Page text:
With the celebration of the holidays and the beginning of the New Year, forgiveness feels like a good topic. I can’t think of a better time to clear the decks of the old and negative and make way for the new and hopefully positive. The type of forgiveness I’m talking about is the punctuation where we mark the end of an emotional cycle with a person or event that was painful to us. If we genuinely forgive, we’re done with any ill-will associated with that person or event. It doesn’t necessarily mean we’re open to further interactions with the person or that we’re happy the event happened, we’re simply over needing to process it and don’t bear any malice against those involved. Are there any skeletons in your closet that need forgiving or processing of some kind?
 

  Our busy, busy busyness and tendency to repress the unpleasant can make sweeping things under the carpet quite tempting. Even fairly large occurrences of pain can be excused away and ignored, creating a chain not unlike the one Marley used to scare Scrooge on Christmas Eve, except this one we carry on a day to day basis. Unprocessed emotions are weight and forgiveness can’t be attained until they’re acknowledged and dealt with. I had a patient who came to see me because of her chronic alcoholism. She was 63, her skin was a bright cirrhotic yellow and she had been drinking hard for over four decades. During our first session I noticed a twitch when I mentioned her Father. In subsequent sessions I continued to pursue possible troubles in this relationship. She tried to blow it off and pretend everything was fine but finally broke down and cried the type of cry that can only be cried after years of repression. Her Dad had died some 40 years before and she had never discussed the matter to any depth with anyone. She’d blamed herself for his death for all those years, though there was no logical way to conclude she was in any way responsible. After she opened up it didn’t take long for massive improvement to occur. She stopped drinking, her skin returned to a normal color and I hear through the occasional call that she continues to thrive some eight years on.  

  Often it seems the hardest person to forgive is ourselves. In an odd way it’s seductive; if we’re to blame we can pretend that we had the power to prevent what hurt us from happening and pretend that we’re more in control and less vulnerable than we really are.  

  Rather the opposite of that dynamic is trying to jump prematurely to forgiveness without going through the cycle of emotions we need to experience to process whatever loss, betrayal or unfairness that has come to us. True enough, painful emotional experiences are no fun to work through but I’ve never found a short-cut that worked long-term. In our varying ways we need to go through the processing laps of denial – bargaining – anger – depression and acceptance until we’re done and can genuinely move on to forgiveness. 
 

  Certainly life is at times most unfair, and any of us can find ourselves angry with God or whatever higher power we hold. When my wife Ellie was dying of cancer I was so enraged that such a good person was allowed to suffer so horribly, that passing a church steeple would often ignite an intense stream of curses and obscene gestures. As time passed I realized that it wasn’t God I was angry at; I don’t believe God had a sponsoring role in her disease, I just needed to be mad at something. Years after she died and my grief subsided, who did I have to forgive to punctuate the end of this loss? It may sound a bit loony but I forgave life for being life. Sometimes wonderful things happen to us that aren’t our doing and other times unbelievably horrible circumstances happen to us or our loved ones that are in no discernable way cultivated or deserved. My anger wasn’t going to protect me from future tragedies but it absolutely could taint or disperse the positive aspects of my life. Forgiveness was the door to go through to move on without the past making each step heavier and harder and keeping my eyes looking down rather than looking up to see what was in front of me and beyond.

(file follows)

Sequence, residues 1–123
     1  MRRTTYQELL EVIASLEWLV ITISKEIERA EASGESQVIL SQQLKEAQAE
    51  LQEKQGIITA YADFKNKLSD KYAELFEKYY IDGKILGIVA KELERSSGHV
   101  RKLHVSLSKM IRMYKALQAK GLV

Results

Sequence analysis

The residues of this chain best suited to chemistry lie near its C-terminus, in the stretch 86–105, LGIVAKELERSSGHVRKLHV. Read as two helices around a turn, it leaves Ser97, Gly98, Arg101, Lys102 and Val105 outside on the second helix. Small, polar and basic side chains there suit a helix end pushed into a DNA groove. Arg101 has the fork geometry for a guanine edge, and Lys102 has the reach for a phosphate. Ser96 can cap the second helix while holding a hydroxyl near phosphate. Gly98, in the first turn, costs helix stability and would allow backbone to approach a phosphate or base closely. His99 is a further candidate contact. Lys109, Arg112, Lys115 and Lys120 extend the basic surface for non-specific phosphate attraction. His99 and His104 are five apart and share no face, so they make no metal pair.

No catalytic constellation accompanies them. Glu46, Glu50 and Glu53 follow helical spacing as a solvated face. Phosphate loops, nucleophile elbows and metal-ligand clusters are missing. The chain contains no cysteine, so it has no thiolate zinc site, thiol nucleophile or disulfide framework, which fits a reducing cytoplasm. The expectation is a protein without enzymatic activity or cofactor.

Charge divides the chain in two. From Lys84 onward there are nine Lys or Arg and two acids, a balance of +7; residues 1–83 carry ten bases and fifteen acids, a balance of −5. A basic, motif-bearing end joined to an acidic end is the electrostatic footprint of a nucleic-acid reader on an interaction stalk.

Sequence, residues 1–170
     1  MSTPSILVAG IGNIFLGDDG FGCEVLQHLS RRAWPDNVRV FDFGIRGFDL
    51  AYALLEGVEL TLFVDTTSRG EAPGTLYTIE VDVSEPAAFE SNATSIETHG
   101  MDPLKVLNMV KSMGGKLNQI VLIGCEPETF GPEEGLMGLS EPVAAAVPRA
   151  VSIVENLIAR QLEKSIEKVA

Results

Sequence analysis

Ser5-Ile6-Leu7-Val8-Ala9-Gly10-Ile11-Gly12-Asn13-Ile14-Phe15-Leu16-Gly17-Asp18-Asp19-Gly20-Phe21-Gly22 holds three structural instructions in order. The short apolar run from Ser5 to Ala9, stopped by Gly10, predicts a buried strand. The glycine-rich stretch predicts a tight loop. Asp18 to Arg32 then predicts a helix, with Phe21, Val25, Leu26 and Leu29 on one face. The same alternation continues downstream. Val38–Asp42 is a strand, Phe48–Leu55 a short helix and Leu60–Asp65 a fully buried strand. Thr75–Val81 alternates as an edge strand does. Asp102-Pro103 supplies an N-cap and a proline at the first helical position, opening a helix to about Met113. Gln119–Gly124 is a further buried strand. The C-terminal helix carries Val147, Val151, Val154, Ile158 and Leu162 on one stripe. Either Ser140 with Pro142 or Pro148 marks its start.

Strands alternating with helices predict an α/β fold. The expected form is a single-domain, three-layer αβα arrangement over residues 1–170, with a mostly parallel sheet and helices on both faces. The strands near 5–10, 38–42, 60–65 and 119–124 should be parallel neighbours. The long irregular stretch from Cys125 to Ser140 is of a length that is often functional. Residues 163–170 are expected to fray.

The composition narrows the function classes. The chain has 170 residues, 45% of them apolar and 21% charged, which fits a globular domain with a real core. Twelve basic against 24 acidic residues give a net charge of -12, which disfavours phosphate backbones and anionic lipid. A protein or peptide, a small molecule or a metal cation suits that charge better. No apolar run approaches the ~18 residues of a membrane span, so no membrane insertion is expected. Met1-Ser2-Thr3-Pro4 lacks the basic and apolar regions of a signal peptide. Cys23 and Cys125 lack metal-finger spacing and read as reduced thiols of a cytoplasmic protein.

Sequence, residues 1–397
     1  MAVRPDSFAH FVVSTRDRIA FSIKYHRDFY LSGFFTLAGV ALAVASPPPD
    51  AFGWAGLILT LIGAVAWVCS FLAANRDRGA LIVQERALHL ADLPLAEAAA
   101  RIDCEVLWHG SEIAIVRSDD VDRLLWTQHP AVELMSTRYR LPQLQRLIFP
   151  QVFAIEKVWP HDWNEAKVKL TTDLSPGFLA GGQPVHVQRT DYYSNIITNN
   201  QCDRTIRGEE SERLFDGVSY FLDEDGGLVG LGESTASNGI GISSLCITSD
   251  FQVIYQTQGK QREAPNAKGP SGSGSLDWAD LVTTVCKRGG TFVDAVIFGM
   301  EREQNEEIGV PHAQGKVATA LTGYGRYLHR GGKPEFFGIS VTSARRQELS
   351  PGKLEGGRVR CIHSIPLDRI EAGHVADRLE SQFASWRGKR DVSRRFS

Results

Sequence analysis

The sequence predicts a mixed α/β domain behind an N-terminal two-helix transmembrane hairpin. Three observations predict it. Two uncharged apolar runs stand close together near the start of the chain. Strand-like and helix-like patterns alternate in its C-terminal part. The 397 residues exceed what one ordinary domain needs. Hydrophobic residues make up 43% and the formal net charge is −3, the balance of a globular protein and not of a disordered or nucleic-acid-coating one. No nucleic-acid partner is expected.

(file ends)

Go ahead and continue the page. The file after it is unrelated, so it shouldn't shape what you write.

We all experience rough times and I’m don’t think I’ve had it tougher than the next guy. What I am saying is that this may be a good space to look at what you’re carrying around. It might be a good time to let it go and move on to forgiveness. Untended, emotional scaring can weigh us down and lead to a depressing, negative view of life. In one of the therapy groups I ran we had an end of year ceremony that focused on forgiveness. Each person would write down who or what they were ready to forgive on a small piece of paper. We all talked about each one and then, if it seemed like the person was really ready to forgive, the paper was put into a brass metal bowl where it was burned. It’s was a nice way to punctuate the past and move into the New Year with as little unnecessary baggage as possible. 

                                                            Hope Y’all Have a Great 2011!

Slack/2010 
 


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